Research Programs: Summer Stipends

Period of Performance

5/1/2004 - 6/30/2004

Funding Totals

$5,000.00 (approved)
$5,000.00 (awarded)

Modernization as a Tool in U.S. Foreign Relations in East and Southeast Asia, 1914-1973

FAIN: FT-52448-04

David Karl Francis Ekbladh
Tufts University (Washington, DC 20904)

The project explores the evolution of modernization as an integral element in the foreign relations of the American state as well as U.S. non-governmental organizations. Modernization emerged in the reform movements of the early twentieth century. U.S. non-governmental organizations in interwar Asia led the way in forging a particularly American style of overseas development. Following World War II, the U.S. government incorporated these existing concepts into its Cold War policies. These approaches were central to U.S.-led "nation building" programs in South Korea and South Vietnam. Modernization was altered during the 1960s by its connection to the Vietnam War and an environmental critique that highlighted development's costs.

Media Coverage

Review (Review)
Author(s): G. John Ikenberry
Publication: Foreign Affairs
Date: 5/1/2010
Abstract: In this important book, Ekbladh provides one of the most compelling portraits yet of the liberal ideas that guide U.S. foreign policy. . . . Even though the liberal vision of modernization lost appeal amid the trauma of the Vietnam War, as Ekbladh's fascinating account makes clear, it remains deeply embedded in the American imagination.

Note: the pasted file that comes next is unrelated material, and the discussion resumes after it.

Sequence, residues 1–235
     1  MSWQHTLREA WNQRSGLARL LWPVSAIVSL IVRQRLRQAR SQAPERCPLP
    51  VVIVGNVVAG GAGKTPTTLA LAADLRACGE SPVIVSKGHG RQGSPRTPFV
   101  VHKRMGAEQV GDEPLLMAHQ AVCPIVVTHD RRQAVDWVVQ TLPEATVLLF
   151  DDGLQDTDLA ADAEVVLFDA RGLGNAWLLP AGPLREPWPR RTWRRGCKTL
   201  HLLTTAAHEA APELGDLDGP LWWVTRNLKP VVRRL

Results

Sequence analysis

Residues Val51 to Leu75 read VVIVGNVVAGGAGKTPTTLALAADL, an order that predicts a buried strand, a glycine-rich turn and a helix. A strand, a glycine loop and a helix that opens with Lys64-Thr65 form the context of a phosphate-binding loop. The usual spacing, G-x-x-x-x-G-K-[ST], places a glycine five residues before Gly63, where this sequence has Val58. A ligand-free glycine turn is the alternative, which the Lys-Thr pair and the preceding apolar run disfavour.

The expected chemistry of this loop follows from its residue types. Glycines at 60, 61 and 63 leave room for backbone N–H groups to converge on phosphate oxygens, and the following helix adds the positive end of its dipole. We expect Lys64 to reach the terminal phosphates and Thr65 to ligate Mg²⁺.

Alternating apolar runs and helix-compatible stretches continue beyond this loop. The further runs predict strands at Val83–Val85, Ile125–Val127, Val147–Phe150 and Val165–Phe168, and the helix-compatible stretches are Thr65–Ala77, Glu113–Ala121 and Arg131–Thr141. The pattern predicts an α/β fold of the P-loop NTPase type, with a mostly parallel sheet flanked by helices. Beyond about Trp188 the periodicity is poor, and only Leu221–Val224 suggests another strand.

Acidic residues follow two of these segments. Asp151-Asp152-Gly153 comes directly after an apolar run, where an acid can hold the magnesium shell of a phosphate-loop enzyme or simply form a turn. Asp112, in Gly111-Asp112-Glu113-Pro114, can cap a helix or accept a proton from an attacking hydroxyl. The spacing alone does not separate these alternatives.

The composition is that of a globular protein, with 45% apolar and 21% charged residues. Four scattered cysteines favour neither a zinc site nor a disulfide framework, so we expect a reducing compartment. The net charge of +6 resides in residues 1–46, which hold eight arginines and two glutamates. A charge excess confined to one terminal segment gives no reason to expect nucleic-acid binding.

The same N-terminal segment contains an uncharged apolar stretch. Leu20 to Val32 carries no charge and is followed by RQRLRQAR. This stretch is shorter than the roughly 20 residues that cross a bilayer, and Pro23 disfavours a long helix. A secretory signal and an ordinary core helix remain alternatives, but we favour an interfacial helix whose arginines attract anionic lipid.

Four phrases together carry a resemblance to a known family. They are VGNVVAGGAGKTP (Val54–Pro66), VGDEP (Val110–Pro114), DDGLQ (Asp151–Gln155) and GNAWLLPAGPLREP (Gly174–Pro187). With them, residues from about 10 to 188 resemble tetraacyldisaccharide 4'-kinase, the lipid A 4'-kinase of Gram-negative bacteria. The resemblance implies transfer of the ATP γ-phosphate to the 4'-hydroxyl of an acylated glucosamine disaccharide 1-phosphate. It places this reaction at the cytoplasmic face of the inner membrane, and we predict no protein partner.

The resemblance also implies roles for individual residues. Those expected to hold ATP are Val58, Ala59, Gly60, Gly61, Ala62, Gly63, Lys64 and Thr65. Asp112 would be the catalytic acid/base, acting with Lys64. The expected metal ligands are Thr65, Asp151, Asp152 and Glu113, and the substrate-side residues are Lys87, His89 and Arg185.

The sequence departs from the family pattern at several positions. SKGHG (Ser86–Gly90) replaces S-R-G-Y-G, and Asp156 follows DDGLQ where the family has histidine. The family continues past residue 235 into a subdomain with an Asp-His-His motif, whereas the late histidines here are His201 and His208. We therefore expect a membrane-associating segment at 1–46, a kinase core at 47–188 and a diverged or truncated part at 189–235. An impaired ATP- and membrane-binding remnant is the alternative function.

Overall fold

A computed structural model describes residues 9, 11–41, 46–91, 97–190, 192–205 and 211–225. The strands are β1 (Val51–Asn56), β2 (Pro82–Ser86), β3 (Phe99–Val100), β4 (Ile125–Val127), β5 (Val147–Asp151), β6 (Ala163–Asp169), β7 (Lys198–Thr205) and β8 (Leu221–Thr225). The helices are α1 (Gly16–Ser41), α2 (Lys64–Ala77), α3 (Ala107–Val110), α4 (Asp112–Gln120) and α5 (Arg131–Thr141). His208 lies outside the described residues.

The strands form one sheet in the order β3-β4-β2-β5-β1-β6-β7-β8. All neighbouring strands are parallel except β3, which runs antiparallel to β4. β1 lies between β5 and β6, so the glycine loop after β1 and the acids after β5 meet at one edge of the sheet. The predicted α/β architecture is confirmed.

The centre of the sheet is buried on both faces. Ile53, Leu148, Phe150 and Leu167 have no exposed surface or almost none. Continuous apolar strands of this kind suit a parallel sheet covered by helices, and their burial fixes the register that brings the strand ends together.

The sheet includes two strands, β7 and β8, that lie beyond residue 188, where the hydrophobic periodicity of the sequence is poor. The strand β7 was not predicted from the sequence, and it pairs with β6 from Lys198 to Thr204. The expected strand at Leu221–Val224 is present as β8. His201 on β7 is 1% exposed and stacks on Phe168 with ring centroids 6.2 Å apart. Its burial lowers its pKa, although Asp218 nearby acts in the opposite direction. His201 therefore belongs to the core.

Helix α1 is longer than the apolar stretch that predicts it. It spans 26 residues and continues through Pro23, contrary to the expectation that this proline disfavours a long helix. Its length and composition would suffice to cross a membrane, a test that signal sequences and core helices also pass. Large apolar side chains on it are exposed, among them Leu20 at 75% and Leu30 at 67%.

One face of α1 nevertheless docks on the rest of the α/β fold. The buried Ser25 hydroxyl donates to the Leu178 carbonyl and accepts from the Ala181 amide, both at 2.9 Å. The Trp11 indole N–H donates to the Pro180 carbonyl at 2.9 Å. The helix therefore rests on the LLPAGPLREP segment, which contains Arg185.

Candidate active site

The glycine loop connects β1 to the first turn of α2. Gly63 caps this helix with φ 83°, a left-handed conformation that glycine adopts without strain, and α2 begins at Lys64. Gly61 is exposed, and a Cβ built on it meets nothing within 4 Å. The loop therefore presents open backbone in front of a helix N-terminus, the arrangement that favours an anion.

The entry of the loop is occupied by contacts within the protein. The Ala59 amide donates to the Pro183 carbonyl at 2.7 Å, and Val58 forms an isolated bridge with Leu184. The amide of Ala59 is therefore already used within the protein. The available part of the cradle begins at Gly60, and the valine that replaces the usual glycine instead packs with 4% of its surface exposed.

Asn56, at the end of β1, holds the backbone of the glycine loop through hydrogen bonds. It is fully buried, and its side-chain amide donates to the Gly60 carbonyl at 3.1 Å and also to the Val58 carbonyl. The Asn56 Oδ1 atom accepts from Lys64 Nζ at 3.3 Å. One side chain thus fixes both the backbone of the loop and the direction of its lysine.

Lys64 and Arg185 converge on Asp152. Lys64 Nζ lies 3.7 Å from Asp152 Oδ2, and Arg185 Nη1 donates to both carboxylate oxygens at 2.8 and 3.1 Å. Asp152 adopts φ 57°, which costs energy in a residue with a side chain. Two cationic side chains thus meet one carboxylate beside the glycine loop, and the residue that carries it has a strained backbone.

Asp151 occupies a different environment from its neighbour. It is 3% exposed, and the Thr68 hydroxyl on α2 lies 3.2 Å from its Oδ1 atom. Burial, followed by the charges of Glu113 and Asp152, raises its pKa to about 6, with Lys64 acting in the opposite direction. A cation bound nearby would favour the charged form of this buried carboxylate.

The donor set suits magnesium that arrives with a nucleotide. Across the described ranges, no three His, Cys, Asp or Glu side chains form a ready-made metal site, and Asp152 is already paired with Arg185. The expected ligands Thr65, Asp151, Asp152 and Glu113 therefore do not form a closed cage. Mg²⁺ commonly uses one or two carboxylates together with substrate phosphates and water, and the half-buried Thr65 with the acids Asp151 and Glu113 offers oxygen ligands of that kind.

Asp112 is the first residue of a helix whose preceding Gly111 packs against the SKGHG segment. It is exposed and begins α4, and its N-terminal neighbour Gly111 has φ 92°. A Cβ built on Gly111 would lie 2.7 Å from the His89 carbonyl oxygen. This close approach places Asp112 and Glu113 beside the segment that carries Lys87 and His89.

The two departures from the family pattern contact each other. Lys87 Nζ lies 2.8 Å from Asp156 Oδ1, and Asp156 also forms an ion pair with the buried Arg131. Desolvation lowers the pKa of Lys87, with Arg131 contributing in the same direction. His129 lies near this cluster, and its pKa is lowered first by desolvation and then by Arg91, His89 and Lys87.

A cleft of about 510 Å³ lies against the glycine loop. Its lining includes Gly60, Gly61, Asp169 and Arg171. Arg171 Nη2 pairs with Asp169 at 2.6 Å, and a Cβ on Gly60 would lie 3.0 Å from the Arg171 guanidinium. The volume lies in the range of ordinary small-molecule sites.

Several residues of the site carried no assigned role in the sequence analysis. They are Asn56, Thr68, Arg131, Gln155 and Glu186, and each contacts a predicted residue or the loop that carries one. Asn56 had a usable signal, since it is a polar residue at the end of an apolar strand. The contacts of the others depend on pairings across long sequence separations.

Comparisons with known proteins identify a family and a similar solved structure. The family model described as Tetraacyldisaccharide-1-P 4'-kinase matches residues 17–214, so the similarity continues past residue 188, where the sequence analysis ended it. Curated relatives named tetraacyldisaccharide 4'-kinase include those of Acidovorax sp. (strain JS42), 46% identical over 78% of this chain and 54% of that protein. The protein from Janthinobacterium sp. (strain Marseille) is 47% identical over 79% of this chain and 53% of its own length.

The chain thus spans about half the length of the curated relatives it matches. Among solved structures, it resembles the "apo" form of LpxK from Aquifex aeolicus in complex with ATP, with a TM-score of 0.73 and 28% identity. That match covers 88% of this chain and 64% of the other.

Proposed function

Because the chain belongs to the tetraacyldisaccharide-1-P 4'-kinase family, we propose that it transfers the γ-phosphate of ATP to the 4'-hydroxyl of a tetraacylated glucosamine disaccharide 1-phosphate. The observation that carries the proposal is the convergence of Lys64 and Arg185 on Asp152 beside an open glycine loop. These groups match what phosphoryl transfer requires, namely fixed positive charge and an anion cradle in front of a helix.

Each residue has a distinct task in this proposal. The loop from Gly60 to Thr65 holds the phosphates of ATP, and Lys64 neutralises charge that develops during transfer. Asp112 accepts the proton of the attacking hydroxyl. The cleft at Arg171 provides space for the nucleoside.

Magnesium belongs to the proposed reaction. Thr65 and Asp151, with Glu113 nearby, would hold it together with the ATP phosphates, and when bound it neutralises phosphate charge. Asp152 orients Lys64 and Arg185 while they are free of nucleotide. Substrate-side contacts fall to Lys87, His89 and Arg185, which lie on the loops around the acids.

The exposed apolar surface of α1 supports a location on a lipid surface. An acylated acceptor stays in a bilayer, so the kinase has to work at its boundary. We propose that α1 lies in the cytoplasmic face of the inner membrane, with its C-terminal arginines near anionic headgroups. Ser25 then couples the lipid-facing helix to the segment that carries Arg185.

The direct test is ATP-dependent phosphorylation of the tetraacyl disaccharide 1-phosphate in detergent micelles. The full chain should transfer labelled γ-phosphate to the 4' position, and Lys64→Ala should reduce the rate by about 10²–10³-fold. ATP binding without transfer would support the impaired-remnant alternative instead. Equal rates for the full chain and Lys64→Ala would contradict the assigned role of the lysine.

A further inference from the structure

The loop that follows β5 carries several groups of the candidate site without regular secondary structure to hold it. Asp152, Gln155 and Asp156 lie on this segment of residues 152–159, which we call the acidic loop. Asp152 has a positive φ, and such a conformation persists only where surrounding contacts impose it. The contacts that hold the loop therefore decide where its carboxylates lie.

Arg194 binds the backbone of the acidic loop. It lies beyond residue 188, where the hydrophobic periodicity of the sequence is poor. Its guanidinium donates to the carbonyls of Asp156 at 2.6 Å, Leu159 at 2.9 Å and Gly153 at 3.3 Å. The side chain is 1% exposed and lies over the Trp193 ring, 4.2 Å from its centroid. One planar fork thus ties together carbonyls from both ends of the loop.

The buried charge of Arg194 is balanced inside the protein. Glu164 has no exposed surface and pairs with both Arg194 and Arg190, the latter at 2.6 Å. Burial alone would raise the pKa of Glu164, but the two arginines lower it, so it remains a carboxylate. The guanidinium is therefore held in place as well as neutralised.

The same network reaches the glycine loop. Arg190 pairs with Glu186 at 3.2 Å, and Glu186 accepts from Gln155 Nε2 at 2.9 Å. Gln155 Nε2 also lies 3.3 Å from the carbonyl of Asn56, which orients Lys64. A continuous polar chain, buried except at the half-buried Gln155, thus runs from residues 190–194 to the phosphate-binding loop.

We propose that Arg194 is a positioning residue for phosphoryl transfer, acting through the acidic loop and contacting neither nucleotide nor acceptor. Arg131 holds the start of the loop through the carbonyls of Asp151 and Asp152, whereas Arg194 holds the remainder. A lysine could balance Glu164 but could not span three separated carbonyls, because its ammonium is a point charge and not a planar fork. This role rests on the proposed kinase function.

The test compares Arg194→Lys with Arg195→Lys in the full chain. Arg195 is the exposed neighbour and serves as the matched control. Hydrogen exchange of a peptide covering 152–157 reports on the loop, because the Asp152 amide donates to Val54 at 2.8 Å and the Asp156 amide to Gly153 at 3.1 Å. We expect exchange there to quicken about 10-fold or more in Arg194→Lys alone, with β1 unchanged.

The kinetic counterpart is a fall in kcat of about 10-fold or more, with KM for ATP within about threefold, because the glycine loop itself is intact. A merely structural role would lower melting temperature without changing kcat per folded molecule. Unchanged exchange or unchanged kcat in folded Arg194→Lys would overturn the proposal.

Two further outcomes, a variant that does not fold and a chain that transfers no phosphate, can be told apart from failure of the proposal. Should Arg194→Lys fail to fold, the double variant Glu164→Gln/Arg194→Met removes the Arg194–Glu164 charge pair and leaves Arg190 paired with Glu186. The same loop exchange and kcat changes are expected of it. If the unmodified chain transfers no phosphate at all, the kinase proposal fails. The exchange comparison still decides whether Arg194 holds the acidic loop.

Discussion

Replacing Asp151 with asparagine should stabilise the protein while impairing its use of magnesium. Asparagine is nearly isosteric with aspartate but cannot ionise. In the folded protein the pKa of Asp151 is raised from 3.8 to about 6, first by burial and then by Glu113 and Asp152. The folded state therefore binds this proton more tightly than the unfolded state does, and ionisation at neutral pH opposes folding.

URL: http://

Review (Review)
Author(s): Travis Nelson
Publication: Political Science Quarterly
Date: 12/21/2011
Abstract: [T]his is a book with a broad mandate. . . . It is a significant contribution to have such a compelling account of the overall strategic impetus of American development during, before, and after the Cold War.

Associated Products

The Great American Mission: Modernization and the Construction of an American World Order (Book)
Title: The Great American Mission: Modernization and the Construction of an American World Order
Author: David Ekbladh
Abstract: The Great American Mission traces how America's global modernization efforts during the twentieth century were a means to remake the world in its own image. David Ekbladh shows that the emerging concept of modernization combined existing development ideas from the Depression. He describes how ambitious New Deal programs like the Tennessee Valley Authority became symbols of American liberalism's ability to marshal the social sciences, state planning, civil society, and technology to produce extensive social and economic change. For proponents, it became a valuable weapon to check the influence of menacing ideologies such as Fascism and Communism. Modernization took on profound geopolitical importance as the United States grappled with these threats. After World War II, modernization remained a means to contain the growing influence of the Soviet Union. Ekbladh demonstrates how U.S.-led nation-building efforts in global hot spots, enlisting an array of nongovernmental groups and international organizations, were a basic part of American strategy in the Cold War. However, a close connection to the Vietnam War and the upheavals of the 1960s would discredit modernization. The end of the Cold War further obscured modernization's mission, but many of its assumptions regained prominence after September 11 as the United States moved to contain new threats. Using new sources and perspectives, The Great American Mission offers new and challenging interpretations of America's ideological motivations and humanitarian responsibilities abroad.
Year: 2010
Primary URL:
Publisher: Princeton University Press
Type: Single author monograph


2011 Stuart L. Bernath Book Prize
Date: 3/1/2011
Organization: ociety for Historians of American Foreign Relations

2010 Best First Book Award
Date: 9/1/2010
Organization: Phi Alpha Theta